If you watch the game of ice hockey, you will be familiar with the name Sydney Crosby, who is arguably the best player in the National Hockey League. Everything he does is effortless, where he makes the game seem so easy. Likewise, Aussie duo Hockey Dad make surf-rock a breeze.
Friends since they were four years old and bandmates since they were thirteen, Zach Stephenson (guitar/vocals) and Billy Fleming (drums/vocals) have become legends in their hometown of the 2400-person strong Windang. Their following, however, extends well beyond the town’s limits, as their frenetic songs have made them favorites across Australia, New Zealand, and North America. We, too, are unabashedly fans of their catchy surf-rock with Wendy first covering the band in November 2014.
After several singles and a terrific EP, 2014’s Dreamin’, Hockey Dad have released their highly-anticipated, debut album, Boronia. While the LP is named after an Australian shrub, Stephenson and Fleming have created an record that is anything but flowery or showy. Instead, Boronia is flat out, unadulterated fun and a sheer pleasure on the ears. The album kicks off with back-to-back, sun-drenched numbers. “Can’t Have Them” is like a fuzzed out version of The Beach Boys while “A Night Out With” is a groovy, hip-shaking song.
The fun, though, really gets going on “So Tired”, an anthem for all the weary souls. The surf-rock vibes are apparent, but the band adds a little dose of punk-rock to off-set the pop-oriented arrangement. “Jump the Gun” follows, and it is the antithesis of “So Tired”. This energizing track is a call out for the good times to continue, which is how many of us are feeling with summer winding down. And every summer season there is a bit of romance, which Hockey Dad capture on “Hunny Bunny”. But instead of sharing for the typical ballad, the duo amp up the tempo and opt for a bombastic, body-swaying love song.
The second half of Boronia slightly differs from the first seven songs. While the intensity remains, the beach party atmosphere has been replaced with unfiltered garage rock. On “Laura” and “Raygun”, the tempo has been accelerated and the jangly notes have been set aside for rip-roaring guitar riffs and fiery drum lines. These are songs meant to thrash your head and go wild, and they present an edgier side of the band.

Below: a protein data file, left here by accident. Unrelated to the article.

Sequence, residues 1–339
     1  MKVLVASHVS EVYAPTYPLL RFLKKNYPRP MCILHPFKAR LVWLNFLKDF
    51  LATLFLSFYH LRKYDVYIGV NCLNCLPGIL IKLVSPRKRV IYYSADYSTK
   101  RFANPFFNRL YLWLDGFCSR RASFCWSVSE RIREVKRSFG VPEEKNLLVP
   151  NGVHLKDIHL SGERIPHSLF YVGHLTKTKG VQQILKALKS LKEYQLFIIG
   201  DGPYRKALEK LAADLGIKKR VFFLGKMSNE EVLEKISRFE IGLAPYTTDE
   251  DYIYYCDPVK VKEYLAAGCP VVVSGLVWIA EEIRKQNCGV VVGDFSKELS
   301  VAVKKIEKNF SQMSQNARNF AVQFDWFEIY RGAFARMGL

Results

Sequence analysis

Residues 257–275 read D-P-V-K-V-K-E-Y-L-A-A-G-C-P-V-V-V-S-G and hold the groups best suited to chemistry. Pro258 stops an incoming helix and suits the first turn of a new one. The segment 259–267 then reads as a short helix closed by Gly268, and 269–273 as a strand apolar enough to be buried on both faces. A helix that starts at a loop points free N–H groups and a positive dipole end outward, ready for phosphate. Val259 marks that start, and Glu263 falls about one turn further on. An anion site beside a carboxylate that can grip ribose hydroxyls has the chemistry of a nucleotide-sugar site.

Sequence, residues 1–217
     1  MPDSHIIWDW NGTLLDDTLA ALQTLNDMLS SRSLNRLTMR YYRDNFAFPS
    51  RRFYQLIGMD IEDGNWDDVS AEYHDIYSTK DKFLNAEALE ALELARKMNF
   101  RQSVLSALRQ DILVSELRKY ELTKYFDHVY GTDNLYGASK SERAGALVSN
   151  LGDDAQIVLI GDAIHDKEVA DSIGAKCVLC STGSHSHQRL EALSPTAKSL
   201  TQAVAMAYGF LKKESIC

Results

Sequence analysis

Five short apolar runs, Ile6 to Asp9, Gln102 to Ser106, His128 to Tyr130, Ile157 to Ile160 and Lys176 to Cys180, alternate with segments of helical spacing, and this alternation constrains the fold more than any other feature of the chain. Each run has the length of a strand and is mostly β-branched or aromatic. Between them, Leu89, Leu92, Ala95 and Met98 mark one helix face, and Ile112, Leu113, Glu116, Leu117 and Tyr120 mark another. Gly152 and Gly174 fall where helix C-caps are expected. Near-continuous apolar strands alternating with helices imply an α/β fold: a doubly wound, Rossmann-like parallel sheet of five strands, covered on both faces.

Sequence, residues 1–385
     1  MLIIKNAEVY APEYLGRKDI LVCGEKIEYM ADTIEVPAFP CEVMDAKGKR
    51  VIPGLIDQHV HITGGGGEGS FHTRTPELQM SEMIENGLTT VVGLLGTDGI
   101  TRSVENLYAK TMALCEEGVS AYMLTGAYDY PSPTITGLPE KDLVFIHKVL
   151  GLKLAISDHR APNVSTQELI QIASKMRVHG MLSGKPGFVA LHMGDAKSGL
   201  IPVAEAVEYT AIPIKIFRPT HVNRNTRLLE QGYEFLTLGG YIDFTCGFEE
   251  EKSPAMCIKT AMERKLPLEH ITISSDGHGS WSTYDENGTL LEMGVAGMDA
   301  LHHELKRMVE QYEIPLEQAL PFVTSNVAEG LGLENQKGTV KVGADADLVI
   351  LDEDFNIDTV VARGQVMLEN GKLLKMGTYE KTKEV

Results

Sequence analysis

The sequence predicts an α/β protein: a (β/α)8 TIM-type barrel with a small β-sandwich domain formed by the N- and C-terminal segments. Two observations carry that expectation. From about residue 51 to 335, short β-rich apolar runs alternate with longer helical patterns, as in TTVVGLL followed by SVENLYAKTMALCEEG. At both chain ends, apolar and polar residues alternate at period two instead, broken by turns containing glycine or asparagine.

“Two Forever”, though, offers something completely different. Founded on ’70s and ’80s southern rock, Hockey Dad offer a thoughtful and more melodic tune. This is the album’s love song, although the duo fortunately do not fall into the trap of making a tear-jerker of a pop song. They have, instead, maintained the garage-rock grittiness, integrating enough reverb to prevent the song from reaching cheesiness levels.
The album ends on a high with “Grange”, which is one extended jam session. The song is a reminder that Hockey Dad not only can create great melodies and harmonies, but the two young Aussies can rock out with the best of them. It is an awesome finale, and you will be forgiven for clapping during the song.
And applaud you will when it is all done because Boronia is as entertaining an album you will hear all year. In many ways, it is like a time bomb ready to go off, except each song is explosive. It is also the rare album that you can hear the band truly enjoying themselves. The positive energy that emits from the record is felt on the listener, where you may be grinning throughout the album’s forty minutes. The only way to find out is to spin the album or see the band live.
Hockey Dad are on tour now. They are currently in North America until September 1st before returning to New Zealand and Australia at the end of September and into October. Find tour dates here.
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